There are two ways to achieve the title of “Boat Captain.” one of them is to buy a boat, take it on the water, and declare your self ‘I am the captain of this boat.’ The other one is to apply for a license through the U.S. Coast Guard. Private yacht or boat owners do not need a license to pilot their vessels, which at the same time does not guarantees that they know what they are doing either. In piloting, experience is what counts!
There are many reasons why a boat owner would hire a professional captain though; from as simple as relaxation and easiness and the ability to enjoy those cocktails more to as local area knowledge. In addition convenience, time freedom or absence as in boat deliveries and or hurricane storage.
However, to be paid under that captain title, at least legally, boaters must apply directly to the United States Coast Guard for a “captain license”. The official license term is known as a Merchant Mariners Credential which includes several degrees of licensing.
The irony of this is that applicants don’t have to actually prove they can pilot, sail, or even demonstrate that they know how to dock a boat. An actual physical piloting test remains unheard of for qualification in this industry! It really does not make much sense to me but hey, I do not make the rules. I’m just glad I have been boating since 4 years old prior to licensing. Again, it is always experience what determines your capability as a captain.
Applicants for an Operator of Un-inspected Passenger Vessel (OUPV & commonly know as a “six pack”) need 360 days on the water, at four hours each day, documented within the last five years. This documentation I found for myself, to be the most annoying part of the whole process, even worst than studying for the actual test. It is referred as a “six pack” because under this licensing you are only aloud to take up to six paying passengers on your vessel.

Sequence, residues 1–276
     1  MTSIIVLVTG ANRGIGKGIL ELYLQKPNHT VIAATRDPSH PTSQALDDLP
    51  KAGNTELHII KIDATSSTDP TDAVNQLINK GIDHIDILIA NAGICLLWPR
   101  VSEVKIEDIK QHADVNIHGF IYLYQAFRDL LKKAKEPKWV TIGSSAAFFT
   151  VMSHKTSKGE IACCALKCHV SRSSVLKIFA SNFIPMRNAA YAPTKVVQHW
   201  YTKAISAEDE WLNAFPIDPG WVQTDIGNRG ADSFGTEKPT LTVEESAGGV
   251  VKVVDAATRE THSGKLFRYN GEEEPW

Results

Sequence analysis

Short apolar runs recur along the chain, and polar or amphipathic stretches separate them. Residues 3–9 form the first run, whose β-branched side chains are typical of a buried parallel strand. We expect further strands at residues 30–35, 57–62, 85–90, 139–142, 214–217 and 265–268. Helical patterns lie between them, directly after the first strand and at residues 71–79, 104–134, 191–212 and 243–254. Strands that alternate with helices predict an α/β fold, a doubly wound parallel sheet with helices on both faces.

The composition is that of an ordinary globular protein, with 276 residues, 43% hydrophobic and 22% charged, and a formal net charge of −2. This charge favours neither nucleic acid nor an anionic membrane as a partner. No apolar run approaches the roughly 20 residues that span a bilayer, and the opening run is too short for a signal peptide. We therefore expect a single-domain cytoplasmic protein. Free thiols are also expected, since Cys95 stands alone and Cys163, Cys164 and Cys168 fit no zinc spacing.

However a “six pack” does not limits the amount of “free” or un-paying passengers that you may take with you on a vessel.
In addition you must be at least 18 years old. An OUPV is the first license to get you started as a captain and the only one I will cover in this article but know that there are more. The next one would be a “Master Captain” license which I will cover in another article.
Time is the most discerning prerequisite to becoming a boat captain. Applicants need 360 days on the water, at four hours each day, documented within the last five years. If your sea-time was spent under the command of another captain (licensed or not), you will need their signature on the documentation.
If you are a cook, a deckhand, or a maid aboard a vessel, you are getting sea-time regardless of actual boat-related duties. Yes, you may work as a bartender aboard a cruise ship and be getting all the sea-time you need to become a captain.
Applicants also need three character references, from boat captains or others, but note the importance of appropriate references, especially since all materials are filtered through a Federal Government bureaucracy.